It would be useful if a drive could write a DVD medium using one format that could be used universally for digital computer data, digital video data, and digital audio data. Defect management, in particular replacement, is required for DVD computer data, and replacement is incompatible with present DVD video players. There are proposals for defect management that require a new video drive design that can accommodate replacement. There is a need for DVD defect management that is compatible with present DVD video players.
An optical disc has a user-data area that is a single contiguous zone, so that video and audio data can be continuous, and has replacement areas for computer data that are outside the user-data area. Placing the replacement areas outside the user-data area enables a video player to read a disc containing defect management written by a computer drive. For video and audio data, defective sectors are used anyway, and errors may or may not be corrected in real time. For computer data, logical addresses of defective blocks are remapped to a replacement area, but this mapping is independent of what is physically written in the user-data area. The replacement area is preferably in the lead-in and/or lead-out areas of the disc.
In the present invention, at least one replacement area (108, 110) for defective areas in the user-data area 104, is placed in the lead-in area (102), or the lead-out area (106), or both. It is not necessary to have a redundant copy of a replacement area. For purposes of the present invention, it is only important that a replacement area is not within the user-data area 104.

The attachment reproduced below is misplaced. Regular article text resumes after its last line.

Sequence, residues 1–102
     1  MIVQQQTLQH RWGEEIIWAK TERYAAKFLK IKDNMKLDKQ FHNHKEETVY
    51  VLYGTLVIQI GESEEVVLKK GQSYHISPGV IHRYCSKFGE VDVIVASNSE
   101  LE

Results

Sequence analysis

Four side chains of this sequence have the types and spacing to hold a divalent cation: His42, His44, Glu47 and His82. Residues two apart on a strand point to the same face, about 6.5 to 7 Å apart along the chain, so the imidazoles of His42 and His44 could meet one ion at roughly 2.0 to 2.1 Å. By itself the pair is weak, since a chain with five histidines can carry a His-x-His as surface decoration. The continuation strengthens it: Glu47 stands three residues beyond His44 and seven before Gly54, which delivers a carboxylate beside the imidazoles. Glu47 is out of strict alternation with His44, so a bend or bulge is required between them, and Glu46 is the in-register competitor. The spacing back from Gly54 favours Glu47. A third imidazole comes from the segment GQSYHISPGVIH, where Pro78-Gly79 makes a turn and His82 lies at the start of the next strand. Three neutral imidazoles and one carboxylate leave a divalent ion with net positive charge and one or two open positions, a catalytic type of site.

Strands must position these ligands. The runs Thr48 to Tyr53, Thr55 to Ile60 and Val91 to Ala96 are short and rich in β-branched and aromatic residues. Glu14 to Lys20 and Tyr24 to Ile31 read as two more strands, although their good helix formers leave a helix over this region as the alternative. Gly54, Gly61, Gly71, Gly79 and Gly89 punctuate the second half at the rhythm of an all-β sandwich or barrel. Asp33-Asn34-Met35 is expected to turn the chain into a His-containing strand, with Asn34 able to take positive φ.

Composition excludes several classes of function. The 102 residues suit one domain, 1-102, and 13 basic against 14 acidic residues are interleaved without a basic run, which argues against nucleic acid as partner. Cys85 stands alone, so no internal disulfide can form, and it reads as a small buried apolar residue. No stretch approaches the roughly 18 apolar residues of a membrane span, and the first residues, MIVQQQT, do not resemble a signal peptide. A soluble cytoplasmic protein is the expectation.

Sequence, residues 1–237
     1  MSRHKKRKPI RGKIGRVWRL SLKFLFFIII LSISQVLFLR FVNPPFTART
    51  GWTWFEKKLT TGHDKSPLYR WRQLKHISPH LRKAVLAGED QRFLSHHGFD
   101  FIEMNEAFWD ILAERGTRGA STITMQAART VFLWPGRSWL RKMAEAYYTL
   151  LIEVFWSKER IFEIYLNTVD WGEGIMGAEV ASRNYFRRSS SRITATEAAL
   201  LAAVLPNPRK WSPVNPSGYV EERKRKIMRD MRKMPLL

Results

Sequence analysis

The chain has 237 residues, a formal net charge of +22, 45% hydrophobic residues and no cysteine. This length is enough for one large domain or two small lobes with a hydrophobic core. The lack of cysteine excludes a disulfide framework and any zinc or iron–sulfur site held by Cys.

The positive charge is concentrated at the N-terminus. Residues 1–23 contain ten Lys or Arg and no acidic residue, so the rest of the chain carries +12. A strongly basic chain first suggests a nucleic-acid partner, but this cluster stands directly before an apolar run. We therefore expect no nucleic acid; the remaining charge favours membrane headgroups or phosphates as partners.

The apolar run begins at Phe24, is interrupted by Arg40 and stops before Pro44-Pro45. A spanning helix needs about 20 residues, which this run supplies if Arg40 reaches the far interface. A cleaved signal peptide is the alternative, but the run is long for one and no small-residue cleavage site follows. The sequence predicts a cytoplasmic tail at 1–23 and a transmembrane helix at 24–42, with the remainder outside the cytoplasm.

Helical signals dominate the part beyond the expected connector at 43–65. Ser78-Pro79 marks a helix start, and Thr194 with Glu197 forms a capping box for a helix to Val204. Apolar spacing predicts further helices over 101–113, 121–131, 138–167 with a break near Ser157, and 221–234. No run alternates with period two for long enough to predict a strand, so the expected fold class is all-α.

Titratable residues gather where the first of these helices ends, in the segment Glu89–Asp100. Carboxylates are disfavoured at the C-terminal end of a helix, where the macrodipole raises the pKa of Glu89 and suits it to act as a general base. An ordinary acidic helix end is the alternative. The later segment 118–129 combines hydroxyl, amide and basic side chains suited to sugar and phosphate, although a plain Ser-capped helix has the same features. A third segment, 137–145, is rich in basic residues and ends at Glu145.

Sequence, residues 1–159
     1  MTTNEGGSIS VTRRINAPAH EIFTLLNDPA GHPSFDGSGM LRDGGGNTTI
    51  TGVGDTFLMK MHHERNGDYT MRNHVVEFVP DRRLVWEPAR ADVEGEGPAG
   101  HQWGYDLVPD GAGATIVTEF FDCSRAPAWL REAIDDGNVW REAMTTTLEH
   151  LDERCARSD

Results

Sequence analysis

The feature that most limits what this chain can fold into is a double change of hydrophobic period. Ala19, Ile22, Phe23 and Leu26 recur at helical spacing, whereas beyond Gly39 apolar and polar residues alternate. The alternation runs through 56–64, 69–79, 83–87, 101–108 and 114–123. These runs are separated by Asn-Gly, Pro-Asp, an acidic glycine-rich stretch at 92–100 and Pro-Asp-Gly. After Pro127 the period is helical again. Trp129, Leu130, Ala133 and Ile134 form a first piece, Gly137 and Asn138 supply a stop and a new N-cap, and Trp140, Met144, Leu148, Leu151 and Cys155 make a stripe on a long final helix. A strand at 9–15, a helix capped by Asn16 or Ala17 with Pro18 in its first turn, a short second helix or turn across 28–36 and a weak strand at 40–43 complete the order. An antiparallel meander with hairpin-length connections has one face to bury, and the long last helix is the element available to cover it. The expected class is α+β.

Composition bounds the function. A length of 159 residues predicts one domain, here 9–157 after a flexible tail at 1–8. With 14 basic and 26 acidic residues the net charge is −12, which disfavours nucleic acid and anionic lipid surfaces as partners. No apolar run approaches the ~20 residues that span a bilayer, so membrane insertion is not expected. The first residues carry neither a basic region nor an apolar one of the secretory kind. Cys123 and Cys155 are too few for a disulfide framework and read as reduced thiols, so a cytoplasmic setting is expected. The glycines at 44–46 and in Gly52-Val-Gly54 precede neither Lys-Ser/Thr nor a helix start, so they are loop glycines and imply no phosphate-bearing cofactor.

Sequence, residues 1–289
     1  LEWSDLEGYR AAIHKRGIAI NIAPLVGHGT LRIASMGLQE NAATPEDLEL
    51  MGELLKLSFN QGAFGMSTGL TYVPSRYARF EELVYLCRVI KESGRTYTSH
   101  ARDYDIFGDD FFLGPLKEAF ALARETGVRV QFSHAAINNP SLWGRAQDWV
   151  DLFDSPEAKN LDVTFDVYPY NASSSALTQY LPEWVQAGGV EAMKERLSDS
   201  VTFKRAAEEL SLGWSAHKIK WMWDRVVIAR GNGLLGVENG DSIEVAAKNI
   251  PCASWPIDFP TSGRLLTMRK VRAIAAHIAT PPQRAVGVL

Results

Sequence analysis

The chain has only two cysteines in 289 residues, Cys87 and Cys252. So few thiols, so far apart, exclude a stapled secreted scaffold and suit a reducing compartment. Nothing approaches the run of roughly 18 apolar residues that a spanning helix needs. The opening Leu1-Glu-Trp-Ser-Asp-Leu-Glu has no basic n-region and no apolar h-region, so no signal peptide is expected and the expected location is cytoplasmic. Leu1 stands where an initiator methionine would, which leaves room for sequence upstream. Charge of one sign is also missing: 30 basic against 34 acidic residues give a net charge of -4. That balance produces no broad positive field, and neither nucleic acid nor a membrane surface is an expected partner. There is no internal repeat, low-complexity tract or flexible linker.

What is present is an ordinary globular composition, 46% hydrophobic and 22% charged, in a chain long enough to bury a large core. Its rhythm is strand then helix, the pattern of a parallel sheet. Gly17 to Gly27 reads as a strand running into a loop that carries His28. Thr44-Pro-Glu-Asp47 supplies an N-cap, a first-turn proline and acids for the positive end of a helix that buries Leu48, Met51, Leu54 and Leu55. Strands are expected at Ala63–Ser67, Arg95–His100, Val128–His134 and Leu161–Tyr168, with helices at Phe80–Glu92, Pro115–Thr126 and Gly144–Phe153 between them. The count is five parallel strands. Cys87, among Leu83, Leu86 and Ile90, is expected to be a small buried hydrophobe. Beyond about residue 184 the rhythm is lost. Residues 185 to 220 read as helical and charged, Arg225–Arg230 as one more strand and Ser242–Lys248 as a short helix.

The definition of defective may vary among various drive manufacturers. In particular, a drive may declare an area defective if the number of errors after a onetime write for a block exceeds a fixed predetermined threshold. In some situations, an area of a rewriteable disc may become worse after multiple writes. Therefore, a conservative criteria may designate areas as defective, even though the errors may be correctable using error correction overhead data.
For either method, the end result is a disc that can be written in one standard way, whether for computer data, video data, or audio data, and can be read by existing video players. There are no video or audio discontinuities from interleaved replacement blocks. Computers reading the resulting disc can utilize replacement blocks for error-free data, whether the data is computer data, video data, or audio data.
The foregoing description of the present invention has been presented for purposes of illustration and description. It is not intended to be exhaustive or to limit the invention to the precise form disclosed, and other modifications and variations may be possible in light of the above teachings. The embodiment was chosen and described in order to best explain the principles of the invention and its practical application to thereby enable others skilled in the art to best utilize the invention in various embodiments and various modifications as are suited to the particular use contemplated. It is intended that the appended claims be construed to include other alternative embodiments of the invention except insofar as limited by the prior art.
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|U.S. Classification||369/53.15, G9B/20.059, 369/59.25|
|International Classification||G11B7/00, G11B20/18|
|Cooperative Classification||G11B2220/20, G11B20/1883|
|Aug 13, 1999||AS||Assignment|
Owner name: HEWLETT-PACKARD COMPANY, CALIFORNIA
Free format text: ASSIGNMENT OF ASSIGNORS INTEREST;ASSIGNOR:WEIRAUCH, CHARLES R.;REEL/FRAME:010167/0417
Effective date: 19990430
|Sep 30, 2003||AS||Assignment|
Owner name: HEWLETT-PACKARD DEVELOPMENT COMPANY L.P.,TEXAS
Free format text: ASSIGNMENT OF ASSIGNORS INTEREST;ASSIGNOR:HEWLETT-PACKARD COMPANY;REEL/FRAME:014061/0492
Effective date: 20030926
|Jul 18, 2008||FPAY||Fee payment|
Year of fee payment: 4
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Year of fee payment: 8